Andrew Glaze was born on April 21, 1920, and died on February 7, 2016, in Birmingham, Alabama.
He was an American poet, playwright and novelist.
The majority of Glaze’s poetry reflects his coming of age in the South, and his eventual return there.
Andrew Glaze also lived and wrote in New York City for 31 years.
In New York. he matured into a part of a circle of poets that included Oscar Williams, Norman Rosten, John Ciardi, and William Packard.
Andrew Glaze graduated from Ramsay High School.
Andrew has been called both Andrew L. Glaze III, and Junior.
His grandfather, Andrew L. Glaze, was a Confederate doctor during the Civil War.
Following his graduating from the Webb School in Bell Buckle, Tennessee, Glaze went on to major in English at Harvard College.
Mr. Glaze sailed to Europe on the RMS Queen Mary, which had been converted into a troop transport ship that could carry 15,000 men.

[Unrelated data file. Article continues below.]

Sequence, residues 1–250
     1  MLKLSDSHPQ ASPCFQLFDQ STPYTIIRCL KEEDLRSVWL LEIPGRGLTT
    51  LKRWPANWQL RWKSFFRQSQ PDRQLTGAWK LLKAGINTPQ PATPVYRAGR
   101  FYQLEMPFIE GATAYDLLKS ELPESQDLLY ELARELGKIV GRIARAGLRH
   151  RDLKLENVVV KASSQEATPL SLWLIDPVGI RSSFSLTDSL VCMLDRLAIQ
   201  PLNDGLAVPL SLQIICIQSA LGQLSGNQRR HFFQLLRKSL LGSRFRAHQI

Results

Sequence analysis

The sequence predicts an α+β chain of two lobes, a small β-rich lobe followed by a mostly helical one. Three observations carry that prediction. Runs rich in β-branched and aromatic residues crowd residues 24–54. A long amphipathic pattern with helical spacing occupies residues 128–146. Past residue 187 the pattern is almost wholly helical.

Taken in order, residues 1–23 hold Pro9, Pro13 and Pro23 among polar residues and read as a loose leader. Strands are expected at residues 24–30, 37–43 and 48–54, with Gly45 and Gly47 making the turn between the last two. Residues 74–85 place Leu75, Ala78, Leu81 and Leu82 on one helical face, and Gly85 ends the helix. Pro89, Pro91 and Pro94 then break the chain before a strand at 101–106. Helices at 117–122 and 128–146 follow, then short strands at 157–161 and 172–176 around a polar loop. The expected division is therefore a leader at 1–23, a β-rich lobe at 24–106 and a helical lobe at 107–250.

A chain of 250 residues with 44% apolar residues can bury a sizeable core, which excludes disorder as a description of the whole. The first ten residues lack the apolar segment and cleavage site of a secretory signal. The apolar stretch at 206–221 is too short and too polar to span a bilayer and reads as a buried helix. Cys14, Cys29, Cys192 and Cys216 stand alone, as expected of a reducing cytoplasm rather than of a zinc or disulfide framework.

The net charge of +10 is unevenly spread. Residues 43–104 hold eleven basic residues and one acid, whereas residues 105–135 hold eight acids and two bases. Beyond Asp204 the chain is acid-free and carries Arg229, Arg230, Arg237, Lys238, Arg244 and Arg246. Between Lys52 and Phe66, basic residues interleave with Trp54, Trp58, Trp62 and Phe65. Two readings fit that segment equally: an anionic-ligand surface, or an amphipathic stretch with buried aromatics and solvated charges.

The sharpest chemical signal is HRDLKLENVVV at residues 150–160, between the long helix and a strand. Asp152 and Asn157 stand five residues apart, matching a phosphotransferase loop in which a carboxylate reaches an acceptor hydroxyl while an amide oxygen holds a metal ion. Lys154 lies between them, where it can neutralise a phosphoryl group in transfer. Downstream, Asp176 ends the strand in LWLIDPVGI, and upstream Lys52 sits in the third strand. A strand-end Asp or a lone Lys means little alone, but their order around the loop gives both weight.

However, “The American poet Andrew Glaze, then an Air Force lieutenant, stood on the foredeck and looked down on ‘a quarter of a mile of human circles shooting craps’.”
As he completed his time in the army, while waiting his turn to be shipped back home, he attended the University of Grenoble.
Glaze began to have success with his writing and between May 1950, and February 1956, Poetry magazine published seven of his poems.
Karl Shapiro, the editor of Poetry at the time, awarded him the magazine’s Eunice Tietjens Memorial Prize, in 1951.
During that time, The New Yorker accepted one poem in 1950, and a second in 1955.
Andrew Glaze passed away at 95 yrs old.